Jason joined Forest Investment Associates in 2006 and currently serves as Assistant Director, Operations for the Investment Management team. His responsibilities include working directly with local forest management teams, research partners, industry groups and timber markets across various countries to drive investor return. Previous experience with FIA includes forest management of 444,000 acres in Alabama, Florida, Georgia, and Mississippi, and managing harvest operations and wood supply agreements in excess of 800,000 tons per year for Broad Arrow Timber Company in North Carolina and Virginia. Additionally, Jason has worked on a variety of land use related projects such as oil/gas/mineral lease negotiation, wetland mitigation bank permitting, land entitlement and conservation project evaluation.
Prior to joining FIA, Jason was employed by The St. Joe Company as the corporation transitioned from a timberland manager to a real estate operating company. His duties there included wood flow planning, budget coordination, management of forest accounting software, timber sale contract management, GIS and aerial photography, and comprehensive experience in all aspects forestry fieldwork.
What is your business philosophy?
Operate with clearly defined goals; be honest about what is known and where the boundaries of ignorance exist; make decisions based on best data available and not emotion; establish good ethics and act with integrity.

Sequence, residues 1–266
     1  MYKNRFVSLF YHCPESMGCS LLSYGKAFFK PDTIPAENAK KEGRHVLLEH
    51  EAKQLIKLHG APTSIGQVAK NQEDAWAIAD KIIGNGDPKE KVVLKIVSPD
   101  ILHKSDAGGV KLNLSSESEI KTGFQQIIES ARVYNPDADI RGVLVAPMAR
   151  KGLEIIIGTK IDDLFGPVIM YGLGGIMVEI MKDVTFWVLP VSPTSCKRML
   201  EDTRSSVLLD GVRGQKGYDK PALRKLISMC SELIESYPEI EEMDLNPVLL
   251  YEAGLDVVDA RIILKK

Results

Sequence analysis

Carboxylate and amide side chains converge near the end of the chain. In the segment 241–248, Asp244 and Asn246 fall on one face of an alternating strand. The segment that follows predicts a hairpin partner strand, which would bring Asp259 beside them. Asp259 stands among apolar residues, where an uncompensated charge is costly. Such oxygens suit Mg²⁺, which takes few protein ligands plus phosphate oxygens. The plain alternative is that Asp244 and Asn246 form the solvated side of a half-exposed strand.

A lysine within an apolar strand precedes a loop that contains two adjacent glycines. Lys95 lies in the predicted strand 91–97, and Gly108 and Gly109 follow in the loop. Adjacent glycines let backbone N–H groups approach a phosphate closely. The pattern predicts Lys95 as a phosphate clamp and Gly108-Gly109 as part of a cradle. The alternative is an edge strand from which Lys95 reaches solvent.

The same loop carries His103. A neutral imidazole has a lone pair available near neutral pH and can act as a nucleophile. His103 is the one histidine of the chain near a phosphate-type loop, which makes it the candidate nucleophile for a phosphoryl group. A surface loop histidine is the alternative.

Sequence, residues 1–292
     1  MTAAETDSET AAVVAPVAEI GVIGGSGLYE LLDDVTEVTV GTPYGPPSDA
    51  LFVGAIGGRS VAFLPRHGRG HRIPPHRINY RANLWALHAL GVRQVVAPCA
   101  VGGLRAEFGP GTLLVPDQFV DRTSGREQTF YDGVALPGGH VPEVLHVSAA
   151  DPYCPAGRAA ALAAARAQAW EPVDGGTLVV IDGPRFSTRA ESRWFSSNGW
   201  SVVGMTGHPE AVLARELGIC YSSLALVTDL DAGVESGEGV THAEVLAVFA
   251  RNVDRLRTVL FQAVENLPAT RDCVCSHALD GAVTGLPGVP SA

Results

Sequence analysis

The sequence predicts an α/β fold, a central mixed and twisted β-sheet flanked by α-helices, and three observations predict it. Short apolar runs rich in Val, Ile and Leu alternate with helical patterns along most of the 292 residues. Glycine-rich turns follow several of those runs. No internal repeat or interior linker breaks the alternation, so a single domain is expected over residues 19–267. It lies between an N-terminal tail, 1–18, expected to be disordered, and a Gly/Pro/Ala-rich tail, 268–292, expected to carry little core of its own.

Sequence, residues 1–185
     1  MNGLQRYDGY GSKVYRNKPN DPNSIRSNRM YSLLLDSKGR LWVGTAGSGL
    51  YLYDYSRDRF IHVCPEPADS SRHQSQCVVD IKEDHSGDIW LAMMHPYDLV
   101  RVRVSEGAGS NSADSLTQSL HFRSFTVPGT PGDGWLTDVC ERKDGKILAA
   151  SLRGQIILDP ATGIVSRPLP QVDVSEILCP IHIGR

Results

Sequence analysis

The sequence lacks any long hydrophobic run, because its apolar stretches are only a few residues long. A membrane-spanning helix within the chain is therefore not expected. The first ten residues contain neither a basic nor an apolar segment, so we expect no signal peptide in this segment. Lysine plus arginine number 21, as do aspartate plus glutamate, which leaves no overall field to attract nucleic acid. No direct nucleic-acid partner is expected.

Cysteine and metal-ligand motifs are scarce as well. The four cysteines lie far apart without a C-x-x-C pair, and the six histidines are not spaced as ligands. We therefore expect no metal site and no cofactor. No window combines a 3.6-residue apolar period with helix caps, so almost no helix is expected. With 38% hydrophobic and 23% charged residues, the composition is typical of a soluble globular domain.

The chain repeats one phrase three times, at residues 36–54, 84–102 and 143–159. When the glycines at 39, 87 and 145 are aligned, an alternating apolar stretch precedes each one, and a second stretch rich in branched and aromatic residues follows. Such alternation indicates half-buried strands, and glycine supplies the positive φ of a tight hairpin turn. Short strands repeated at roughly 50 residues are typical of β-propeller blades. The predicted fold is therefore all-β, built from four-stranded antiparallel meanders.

Why did you choose this field / career path?
I have always had a love for the outdoors and hard sciences. I chose forestry because it is the nexus between so many disciplines: Botany, Biology, Ecology, Geology, Meteorology, Technology, Philosophy, and Economics. Over the course of a single day, I may have conversations with stakeholders as diverse as an equipment operator in a rural town, a financial analyst in metropolitan city, a research associate at a major university, and an extension agent for a governmental agency.
What is one of the best lessons you’ve learned during your career?
Trust takes years to build and moments to lose. Be conscientious.